Franchisees choose to sign contracts but does that leave them entirely
at fault and entirely responsible for the cost? I would suggest that
often it does.
There is an ongoing debate on whether franchisees should take full responsibility for the poor commercial decisions that led to their failure. From a franchisee’s perspective the debate tends to focus on one aspect of franchisee failure, depending on which side of the fence the commentator sits and in the case of those that may have a slightly more distant perspective, they tend to focus on one single set of presented circumstances that may have led to a failure. But that would not typically cover the complexity behind the franchising industry's failure rates.
It is a massive over-simplification.
In my experience we tend to see these categories of franchisees;
- Those that performed a killer level of due diligence with the assistance of professionals and are successful. And are never heard from. Financial success tends to vary depending mostly on the performance of the franchisee.
- Those that failed to perform any adequate level of due diligence but were successful. They are never heard from. Similarly, franchisees tend to determine their level of return.
- Those that sign into a good or bad system and fail to comply with the Operations Manual and therefore the Contract and are then terminated. They were not scammed but they complain.
- Those that sign and fail because they did not perform effective due diligence on a system that was flawed. And that can include that they took lousy advise from a ‘cheap’ ‘professional’ that knew almost naught about franchising and/or they were not suited to franchising and/or the industry. They complain.
- Those that performed killer due diligence, signed into a good system but didn’t realize their efforts would be central to any success. You don’t download even a quality system and sit back and expect it to work without a serious effort. Quality front line operators are needed to make any business a serious success. However; these franchisees complain.
- Those that did not perform serious due diligence, signed into a good system but expected the system to provide everything for naught … and it didn’t and their negativity caused failure. They get what they deserve but they still complain. They should have known before signing what they were in for.
- Those that signed into a good/bad system and were terrorized by unconscionable power-obsessive conduct by the franchisor. Yes; even good concepts and systems can be driven by psychopaths. These franchisees were scammed and they do complain.
- Those that signed into a system that was designed to drain them, get rid of them and on sell to the next idiot. Oh … how they complain.
- Those that signed into a good system that encountered financial difficulties within the contract term and where the franchisor chose to gouge the franchise network to survive. They were ultimately scammed but they signed the contract. They were scammed and they complain.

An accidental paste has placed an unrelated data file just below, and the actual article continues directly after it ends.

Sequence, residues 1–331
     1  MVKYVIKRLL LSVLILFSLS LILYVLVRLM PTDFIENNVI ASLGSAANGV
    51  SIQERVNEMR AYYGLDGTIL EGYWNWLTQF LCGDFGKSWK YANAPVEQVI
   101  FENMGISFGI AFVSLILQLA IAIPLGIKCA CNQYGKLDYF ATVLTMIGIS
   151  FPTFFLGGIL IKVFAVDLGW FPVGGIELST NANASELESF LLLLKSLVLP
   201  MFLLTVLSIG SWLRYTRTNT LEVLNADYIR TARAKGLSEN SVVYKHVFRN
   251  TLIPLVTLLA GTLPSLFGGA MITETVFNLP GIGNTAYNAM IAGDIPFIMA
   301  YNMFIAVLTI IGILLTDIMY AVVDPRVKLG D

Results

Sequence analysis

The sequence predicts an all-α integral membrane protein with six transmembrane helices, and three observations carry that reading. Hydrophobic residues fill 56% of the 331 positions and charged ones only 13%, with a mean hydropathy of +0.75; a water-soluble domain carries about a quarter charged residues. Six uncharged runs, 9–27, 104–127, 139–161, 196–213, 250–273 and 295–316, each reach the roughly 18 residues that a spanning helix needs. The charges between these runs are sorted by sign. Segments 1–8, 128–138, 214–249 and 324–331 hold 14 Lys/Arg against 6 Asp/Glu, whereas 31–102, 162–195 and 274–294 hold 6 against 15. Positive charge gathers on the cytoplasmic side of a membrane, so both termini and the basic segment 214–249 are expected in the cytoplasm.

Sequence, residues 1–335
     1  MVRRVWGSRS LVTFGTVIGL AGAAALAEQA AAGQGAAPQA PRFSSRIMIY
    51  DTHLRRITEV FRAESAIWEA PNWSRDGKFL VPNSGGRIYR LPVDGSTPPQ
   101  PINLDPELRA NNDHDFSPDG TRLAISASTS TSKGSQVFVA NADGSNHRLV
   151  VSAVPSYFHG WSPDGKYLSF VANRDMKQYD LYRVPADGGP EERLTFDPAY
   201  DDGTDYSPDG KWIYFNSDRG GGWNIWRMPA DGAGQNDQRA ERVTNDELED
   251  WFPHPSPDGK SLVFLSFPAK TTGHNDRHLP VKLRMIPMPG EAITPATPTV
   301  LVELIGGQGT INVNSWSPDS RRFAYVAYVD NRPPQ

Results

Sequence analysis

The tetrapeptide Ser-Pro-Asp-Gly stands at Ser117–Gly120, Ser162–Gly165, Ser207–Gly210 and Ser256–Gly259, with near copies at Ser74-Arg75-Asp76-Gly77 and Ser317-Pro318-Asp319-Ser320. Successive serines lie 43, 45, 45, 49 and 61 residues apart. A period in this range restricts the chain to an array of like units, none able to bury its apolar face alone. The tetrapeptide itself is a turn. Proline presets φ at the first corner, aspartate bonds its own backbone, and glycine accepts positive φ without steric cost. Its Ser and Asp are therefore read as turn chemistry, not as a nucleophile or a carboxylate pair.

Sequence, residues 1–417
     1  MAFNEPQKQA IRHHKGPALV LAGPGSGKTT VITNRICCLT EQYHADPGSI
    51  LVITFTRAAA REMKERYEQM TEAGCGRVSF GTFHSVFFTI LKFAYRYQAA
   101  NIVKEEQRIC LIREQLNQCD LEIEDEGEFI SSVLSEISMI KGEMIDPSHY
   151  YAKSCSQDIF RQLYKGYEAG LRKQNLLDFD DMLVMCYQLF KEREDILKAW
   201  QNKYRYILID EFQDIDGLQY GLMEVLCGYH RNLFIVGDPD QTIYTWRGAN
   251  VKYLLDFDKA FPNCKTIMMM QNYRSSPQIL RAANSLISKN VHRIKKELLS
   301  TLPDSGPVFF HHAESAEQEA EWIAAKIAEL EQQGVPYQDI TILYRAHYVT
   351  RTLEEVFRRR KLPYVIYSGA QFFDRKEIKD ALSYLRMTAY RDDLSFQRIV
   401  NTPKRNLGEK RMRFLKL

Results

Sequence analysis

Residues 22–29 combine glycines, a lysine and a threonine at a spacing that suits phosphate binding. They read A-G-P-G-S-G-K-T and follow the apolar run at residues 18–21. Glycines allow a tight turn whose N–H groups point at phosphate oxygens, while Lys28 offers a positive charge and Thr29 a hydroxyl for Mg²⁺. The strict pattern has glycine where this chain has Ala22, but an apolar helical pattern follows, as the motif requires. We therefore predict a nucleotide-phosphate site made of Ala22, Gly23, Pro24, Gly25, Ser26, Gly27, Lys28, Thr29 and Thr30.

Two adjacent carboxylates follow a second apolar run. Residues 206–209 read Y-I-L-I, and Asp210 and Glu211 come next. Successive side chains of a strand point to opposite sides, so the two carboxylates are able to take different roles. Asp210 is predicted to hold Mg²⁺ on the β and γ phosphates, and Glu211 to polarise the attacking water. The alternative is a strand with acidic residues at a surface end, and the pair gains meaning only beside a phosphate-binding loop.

- Those that bought into a quality system and the system was sold into the hands of an abusive franchisor that destroyed the viability of the system. The scam was out of their control. They complain.
- Those that were provided with inaccurate disclosure and did not perform an effective level of due diligence. They were deliberately scammed by the franchisor but they hold much of the responsibility. They rightfully complain but they could have known better.
In my experience we tend to see three major categories of franchise systems;
- Good – Very Good
Vocal international exponents in franchising seem to suggest that the’ Very Good’ are vastly out-numbered suggesting that way too many franchisees can at least share culpability for their outcomes with their franchisor. And probably tens of thousands were simply scammed. This is after all a big world and a big industry that has been operating for many decades.
Due diligence must include research into the quality of expert advisors, the suitability of the franchisee, the financial well-being of the franchisor, the worthiness of the franchisee financial model, the longevity of the concept, the terms of the Contract, the accuracy of Disclosure Documents, reports from existing and past franchisees and the historical behaviour of the franchisor toward the power of the Operations Manual.
When franchisees have completed killer due diligence and then get scammed they may still have reason to complain and seek remedy.
Franchising is a tricky business. Stupid people need to blame someone … else. People legitimately complain and no one really listens. Then comes the time for even harder decisions ….. walk away if they must or litigate if they can?
Not many franchisees get expert advice on the way to ‘too late’. Many dig an even deeper hole for themselves and their families by not getting expert advice before they sign, during the period where they realize they have a problems and/or before they stick their foot in their mouth.
Those that cannot pursue an affordable remedy tend to pursue a ‘public’ justice system in the age of social media and the age of exposing the scams. God love ‘em.